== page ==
Документация
HTML CSS PHP PERL другое

Hour 13. References and Structures

 
Previous Table of Contents Next

Hour 13. References and Structures

What You'll Learn in This Hour:

If Perl is your first programming language, you'll find this hour especially interesting. In most programming languages, one piece of data can be used as a reference to some other piece of data. Sometimes the piece of data used that way is called a pointer (Pascal or C); sometimes the technique is called indirect referencing (assembly language); some languages have no explicit concept of pointers at all (BASIC or Java). If you've never used references, pointers, or indirect referencing before, you may need to read parts of this chapter more than once; it can be confusing.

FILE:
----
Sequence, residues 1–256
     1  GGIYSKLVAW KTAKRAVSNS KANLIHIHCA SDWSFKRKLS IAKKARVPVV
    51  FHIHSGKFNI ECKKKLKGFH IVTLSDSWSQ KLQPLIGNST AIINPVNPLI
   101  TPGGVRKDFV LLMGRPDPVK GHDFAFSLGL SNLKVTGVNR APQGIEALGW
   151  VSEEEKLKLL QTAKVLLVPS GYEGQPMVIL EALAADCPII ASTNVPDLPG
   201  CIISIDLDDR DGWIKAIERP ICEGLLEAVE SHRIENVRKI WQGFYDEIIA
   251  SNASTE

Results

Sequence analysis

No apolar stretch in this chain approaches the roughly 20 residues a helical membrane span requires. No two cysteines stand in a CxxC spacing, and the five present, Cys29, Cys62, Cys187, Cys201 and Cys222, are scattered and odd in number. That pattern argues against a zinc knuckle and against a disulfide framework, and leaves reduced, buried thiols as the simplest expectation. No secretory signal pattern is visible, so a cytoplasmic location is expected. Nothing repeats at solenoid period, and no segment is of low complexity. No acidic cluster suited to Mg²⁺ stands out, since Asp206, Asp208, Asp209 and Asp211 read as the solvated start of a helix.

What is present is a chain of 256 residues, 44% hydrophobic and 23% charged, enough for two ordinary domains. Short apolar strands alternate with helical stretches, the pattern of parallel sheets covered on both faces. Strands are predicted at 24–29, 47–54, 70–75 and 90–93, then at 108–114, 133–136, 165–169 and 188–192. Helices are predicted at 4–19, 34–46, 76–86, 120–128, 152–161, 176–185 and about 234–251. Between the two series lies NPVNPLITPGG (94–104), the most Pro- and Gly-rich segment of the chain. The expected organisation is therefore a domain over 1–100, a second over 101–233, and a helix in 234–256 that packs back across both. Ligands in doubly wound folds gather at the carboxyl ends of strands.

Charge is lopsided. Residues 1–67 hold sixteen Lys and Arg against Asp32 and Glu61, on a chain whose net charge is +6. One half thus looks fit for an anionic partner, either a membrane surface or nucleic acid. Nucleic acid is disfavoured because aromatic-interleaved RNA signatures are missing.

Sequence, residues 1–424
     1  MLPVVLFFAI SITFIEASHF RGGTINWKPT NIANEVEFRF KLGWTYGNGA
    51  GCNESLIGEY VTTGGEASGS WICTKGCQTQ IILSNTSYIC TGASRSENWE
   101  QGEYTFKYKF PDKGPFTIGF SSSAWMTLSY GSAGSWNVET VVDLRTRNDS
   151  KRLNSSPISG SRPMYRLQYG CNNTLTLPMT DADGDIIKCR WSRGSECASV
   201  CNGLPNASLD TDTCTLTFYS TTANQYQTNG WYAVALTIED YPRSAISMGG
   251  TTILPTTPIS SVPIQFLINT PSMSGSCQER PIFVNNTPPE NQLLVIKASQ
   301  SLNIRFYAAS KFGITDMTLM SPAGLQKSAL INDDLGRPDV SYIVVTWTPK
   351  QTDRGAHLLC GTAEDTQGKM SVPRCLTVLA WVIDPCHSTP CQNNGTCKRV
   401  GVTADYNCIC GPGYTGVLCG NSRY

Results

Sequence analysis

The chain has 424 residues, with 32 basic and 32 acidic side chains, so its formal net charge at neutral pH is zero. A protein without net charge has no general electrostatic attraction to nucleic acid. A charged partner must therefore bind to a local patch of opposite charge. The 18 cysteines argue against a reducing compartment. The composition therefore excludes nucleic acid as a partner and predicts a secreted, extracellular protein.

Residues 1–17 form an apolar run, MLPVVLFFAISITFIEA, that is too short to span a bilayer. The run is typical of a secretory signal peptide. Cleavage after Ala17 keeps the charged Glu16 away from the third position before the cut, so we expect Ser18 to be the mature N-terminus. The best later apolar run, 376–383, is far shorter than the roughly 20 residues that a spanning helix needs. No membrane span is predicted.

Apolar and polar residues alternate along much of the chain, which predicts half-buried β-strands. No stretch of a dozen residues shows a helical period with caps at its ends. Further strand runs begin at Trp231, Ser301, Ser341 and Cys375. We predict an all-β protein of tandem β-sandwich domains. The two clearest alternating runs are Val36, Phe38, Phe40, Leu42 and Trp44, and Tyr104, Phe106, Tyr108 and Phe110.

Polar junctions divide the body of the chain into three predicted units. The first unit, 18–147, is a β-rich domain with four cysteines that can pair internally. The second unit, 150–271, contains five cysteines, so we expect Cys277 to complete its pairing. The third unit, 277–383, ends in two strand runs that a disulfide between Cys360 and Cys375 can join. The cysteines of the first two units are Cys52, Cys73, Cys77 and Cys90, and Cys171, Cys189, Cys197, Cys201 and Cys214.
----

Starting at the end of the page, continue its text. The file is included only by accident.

In Perl these pointers, called references, are used for many purposes. During this hour youwill learn how to use references to call functions with multiple arguments of complex types and how to construct complex data types such as lists of lists.

A reference is much like a card in an old-fashioned library card catalog. Each index card in the catalog refers to a book on the library shelves. The card indicates the kind of book it was (fiction, nonfiction, reference) and its location. Card catalogs can have several references for the same book, in different categories, and even refer to other cards in the catalog ("See Also").

In Perl, references work much the same way by pointing to individual pieces of data. The references know the kind of data they point to (scalar, array, or hash) and its location. References can be copied without changing anything about the original data, and multiple references can be made to the same piece of data. References can, in fact, refer to other references.

    Previous Table of Contents Next
    © 2000- NIV